My research combines the tools of nutrition, physiology, microbial ecology, and anthropology to answer critical questions in organismal biology. Specifically, I study the gut microbiota and how its responses to shifts in host diet or physiology affect host nutrition and health. Such interactions are likely to affect host fitness and have important  implications for host ecology and evolution. My work addresses these topics in both non-human primates and humans.


I got my first round of fecal samples yesterday, which was great. Today the monkeys slept a lot so the day was more relaxed. On the way back to my cabana from the forest, the collective van I hopped into was playing peppy, stereotypical Mexican music. There were three people squeezed in the front, one with a blue bandana tied around his neck. The man sitting next to me in the back had a giant basket of gum and candy and cigarettes for sale. The driver had looped a rosary around the rear-view mirror. In the middle of the windshield there was a small rubber chicken, a Jesus medallion, and an orange pine tree air freshener all attached with suction cups. A Virgin of Guadalupe sticker was up in the righthand corner of the windshield as well. All of this reminded me that I am in Mexico, and it put me in a good mood.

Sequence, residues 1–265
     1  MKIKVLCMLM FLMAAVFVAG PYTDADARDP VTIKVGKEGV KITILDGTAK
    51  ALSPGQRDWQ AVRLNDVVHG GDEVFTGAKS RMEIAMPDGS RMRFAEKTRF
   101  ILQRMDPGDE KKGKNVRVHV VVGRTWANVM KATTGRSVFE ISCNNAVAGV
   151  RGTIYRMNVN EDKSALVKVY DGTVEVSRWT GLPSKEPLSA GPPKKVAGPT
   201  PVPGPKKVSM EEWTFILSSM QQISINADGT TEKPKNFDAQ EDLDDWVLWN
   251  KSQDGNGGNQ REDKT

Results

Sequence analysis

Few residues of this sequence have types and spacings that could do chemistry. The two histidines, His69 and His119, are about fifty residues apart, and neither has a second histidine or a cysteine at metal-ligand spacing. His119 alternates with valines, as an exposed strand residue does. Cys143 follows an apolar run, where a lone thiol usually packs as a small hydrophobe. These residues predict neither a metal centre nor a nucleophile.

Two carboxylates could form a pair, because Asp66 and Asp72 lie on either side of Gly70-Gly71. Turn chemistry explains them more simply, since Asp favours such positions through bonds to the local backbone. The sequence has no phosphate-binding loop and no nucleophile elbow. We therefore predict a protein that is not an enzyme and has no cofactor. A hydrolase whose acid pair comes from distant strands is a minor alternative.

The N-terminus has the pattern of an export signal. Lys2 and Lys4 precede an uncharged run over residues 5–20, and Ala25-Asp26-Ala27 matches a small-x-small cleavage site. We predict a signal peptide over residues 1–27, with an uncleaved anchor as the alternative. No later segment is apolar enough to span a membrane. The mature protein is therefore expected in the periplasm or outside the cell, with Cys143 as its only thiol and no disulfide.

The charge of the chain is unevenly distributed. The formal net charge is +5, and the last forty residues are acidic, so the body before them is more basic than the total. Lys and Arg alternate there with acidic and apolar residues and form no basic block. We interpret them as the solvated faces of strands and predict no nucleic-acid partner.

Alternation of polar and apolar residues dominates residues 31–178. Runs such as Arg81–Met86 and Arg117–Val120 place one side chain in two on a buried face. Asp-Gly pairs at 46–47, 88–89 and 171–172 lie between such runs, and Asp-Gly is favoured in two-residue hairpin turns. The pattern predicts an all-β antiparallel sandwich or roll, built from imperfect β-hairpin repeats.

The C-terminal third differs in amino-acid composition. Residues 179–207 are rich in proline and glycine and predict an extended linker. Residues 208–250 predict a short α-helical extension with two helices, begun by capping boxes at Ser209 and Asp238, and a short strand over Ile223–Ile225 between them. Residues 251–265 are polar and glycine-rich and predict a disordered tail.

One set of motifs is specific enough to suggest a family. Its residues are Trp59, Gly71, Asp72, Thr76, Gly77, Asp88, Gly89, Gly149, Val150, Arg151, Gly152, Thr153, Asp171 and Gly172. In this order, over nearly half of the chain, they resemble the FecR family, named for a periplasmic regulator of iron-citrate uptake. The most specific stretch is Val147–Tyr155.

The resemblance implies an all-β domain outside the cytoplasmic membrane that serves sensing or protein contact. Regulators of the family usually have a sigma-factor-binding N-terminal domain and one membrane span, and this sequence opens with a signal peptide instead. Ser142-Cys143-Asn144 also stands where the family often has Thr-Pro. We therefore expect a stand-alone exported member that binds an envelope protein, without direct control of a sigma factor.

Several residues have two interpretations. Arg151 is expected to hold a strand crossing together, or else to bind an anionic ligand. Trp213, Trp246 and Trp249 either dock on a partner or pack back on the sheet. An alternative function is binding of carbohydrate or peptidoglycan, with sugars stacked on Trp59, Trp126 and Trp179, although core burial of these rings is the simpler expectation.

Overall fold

Things are going well in the field so far. I collected my first round of fecal samples today. It also rained like you would think it rains in the rainforest. The monkeys started howling at the same time. That combined with the thunder and the flooding trail made for quite a scene.

I had a few visa issues coming in since they marked my status incorrectly, but those are hopefully fixed now after hours of waiting in the immigration office. Now my biggest concerns are how to get to internet often enough to keep up with business and where to find the monkeys every morning.

Pictures to follow (depending on internet speed): 1) Villahermosa does flood. Drawing and photo of drawing by Meli (8 years old) of me flying over the pyramids in Palenque. 200 years of Mexican independence Palenque style. Monkeys and monkeys in binoculars.







Leaving for the field on September 12, 2010.

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